NND’s source is being analyzed

Buddy James has taken it upon himself to get familiar with NND’s source code base. I find him a very brave person indeed. Of course, you don’t climb the mount Everest without any tools. So he’s been testing out NDepend on NND’s code base to get a better picture of the whole thing. And he’s started to write about his findings so everybody can enjoy the results.

I must say I’m dying to find out the final results of what NDepend has to say about my code, especially since it was written completely free-hand. That is, I started writing the source code without any initial design sketch at all. One thing I can probably already say right now: there is 0% test coverage, mostly because I hardly wrote any tests (bad idea, I know, but I had my reasons at the time, also I’d probably still be writing code right now, if I had). I’m kind of hoping that NDepend finds the functions itself fairly clean (I hate functions that are bigger than the screen and I always try to add some comments here and there).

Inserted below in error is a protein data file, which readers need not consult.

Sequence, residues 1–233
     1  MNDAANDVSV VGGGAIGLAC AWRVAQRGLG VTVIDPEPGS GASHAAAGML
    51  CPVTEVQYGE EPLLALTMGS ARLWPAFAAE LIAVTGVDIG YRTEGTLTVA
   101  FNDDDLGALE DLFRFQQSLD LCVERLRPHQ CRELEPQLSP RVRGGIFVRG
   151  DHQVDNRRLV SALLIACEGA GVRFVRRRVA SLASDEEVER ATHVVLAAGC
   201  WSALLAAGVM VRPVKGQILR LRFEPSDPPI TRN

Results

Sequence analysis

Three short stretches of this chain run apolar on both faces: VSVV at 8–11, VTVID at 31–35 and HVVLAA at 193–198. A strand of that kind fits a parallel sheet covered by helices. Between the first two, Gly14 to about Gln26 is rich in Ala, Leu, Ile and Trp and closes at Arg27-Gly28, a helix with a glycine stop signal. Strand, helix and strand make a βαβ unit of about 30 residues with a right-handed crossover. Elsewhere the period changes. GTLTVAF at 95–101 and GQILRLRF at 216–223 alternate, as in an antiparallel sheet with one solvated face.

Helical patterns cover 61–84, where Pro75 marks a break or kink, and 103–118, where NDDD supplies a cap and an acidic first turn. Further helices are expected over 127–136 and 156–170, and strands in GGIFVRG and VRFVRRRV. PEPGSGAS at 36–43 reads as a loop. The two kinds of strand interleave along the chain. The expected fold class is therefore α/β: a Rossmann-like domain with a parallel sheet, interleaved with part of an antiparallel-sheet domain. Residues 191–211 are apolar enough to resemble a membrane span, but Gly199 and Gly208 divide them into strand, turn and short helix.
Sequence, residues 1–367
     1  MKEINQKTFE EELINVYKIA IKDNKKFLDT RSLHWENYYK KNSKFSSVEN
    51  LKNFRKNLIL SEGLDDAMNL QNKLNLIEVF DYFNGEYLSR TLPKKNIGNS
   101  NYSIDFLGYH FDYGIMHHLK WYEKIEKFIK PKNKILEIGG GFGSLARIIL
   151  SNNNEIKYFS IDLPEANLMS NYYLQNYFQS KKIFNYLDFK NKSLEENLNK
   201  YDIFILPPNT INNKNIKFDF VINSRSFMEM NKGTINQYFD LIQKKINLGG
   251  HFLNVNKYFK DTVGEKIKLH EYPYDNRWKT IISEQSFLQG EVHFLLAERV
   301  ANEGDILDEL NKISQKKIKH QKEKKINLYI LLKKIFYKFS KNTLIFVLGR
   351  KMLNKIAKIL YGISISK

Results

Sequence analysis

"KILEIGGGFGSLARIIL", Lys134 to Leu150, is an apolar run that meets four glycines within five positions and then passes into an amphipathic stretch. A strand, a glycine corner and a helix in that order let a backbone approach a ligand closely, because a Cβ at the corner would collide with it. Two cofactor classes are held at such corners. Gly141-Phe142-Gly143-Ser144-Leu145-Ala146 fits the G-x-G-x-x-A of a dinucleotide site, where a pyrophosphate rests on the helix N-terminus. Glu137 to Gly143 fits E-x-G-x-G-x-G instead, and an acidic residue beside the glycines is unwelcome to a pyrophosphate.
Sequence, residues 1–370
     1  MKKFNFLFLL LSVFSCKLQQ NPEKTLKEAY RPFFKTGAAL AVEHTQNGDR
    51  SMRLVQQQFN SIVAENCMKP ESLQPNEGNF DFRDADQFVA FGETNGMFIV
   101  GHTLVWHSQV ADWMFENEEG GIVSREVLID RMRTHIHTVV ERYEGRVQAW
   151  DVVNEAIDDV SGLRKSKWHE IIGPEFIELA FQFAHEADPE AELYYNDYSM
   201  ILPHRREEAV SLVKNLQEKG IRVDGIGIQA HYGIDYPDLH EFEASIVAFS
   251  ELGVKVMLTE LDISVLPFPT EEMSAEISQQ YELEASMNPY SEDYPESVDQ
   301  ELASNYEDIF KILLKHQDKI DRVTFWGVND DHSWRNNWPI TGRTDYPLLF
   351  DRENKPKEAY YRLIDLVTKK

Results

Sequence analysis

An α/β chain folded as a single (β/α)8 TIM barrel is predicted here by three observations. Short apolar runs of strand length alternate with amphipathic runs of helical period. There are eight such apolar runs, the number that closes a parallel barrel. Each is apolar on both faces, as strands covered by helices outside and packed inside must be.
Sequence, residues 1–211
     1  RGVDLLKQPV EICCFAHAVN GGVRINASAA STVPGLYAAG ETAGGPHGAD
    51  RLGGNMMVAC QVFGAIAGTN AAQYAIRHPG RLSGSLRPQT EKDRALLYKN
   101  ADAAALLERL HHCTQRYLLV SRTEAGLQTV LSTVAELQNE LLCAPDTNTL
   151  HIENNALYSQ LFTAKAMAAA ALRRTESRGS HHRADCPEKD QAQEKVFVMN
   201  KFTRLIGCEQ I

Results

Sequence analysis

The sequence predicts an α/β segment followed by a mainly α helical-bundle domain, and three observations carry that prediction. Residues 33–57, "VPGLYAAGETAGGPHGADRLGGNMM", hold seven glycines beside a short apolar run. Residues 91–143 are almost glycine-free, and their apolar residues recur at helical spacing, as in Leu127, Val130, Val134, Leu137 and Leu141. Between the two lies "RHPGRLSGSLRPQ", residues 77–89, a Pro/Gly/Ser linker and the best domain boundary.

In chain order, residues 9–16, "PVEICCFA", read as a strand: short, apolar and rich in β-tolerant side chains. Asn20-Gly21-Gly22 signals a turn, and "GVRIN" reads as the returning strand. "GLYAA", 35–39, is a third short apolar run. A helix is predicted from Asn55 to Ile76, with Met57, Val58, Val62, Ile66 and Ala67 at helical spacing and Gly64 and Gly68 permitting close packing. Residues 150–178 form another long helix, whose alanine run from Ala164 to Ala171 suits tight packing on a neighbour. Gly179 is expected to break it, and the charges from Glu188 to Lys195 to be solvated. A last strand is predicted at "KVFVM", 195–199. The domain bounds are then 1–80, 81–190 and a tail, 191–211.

Anyway, I hope that the results can be of use to you in your endeavor to better understand what’s going on under the hood. And of course, I’ll do my best to be a good sherpa during the climb to that top, so if you have any questions, feel free to contact me and ask


Well, sometimes things just go wrong, plain simple wrong. Today was one of those days. Confucius ruled and the order of things just went wrong, so instead of backing up the DB first and then trying something, I first tried it and then overwrote my good DB backup with a bad one. How stupid…

So now, I’ve lost all my posts.Luckily, most of  the important ones had long since moved to my other site. Anyway, a fresh start, a new day…


It looks like the Viseme images hosted by Verbots have disappeared after their commercial activity stopped. Fortunately, Freddy from AIDreams was kind enough to restore the page on his own site so that people can still access this very useful info. Thank you Freddy.

Window RT: dead man walking

I’ve just been chasing my tail for the last couple of days, trying to get my upcoming ‘Go’ game also ready for Windows RT, aka ‘Metro’.  I figured that it wouldn’t be too hard building a version for this platform since the UI was just freshly written in the latest .net version, well separated from the back-end and only using basic XAML + some code behind for the rendering. Oh, and apparently from now on, there would only be 1 windows 8 for all platforms. All of which made me think it would be fairly easy to develop apps that can be ported to Metro.  Boy, was I wrong.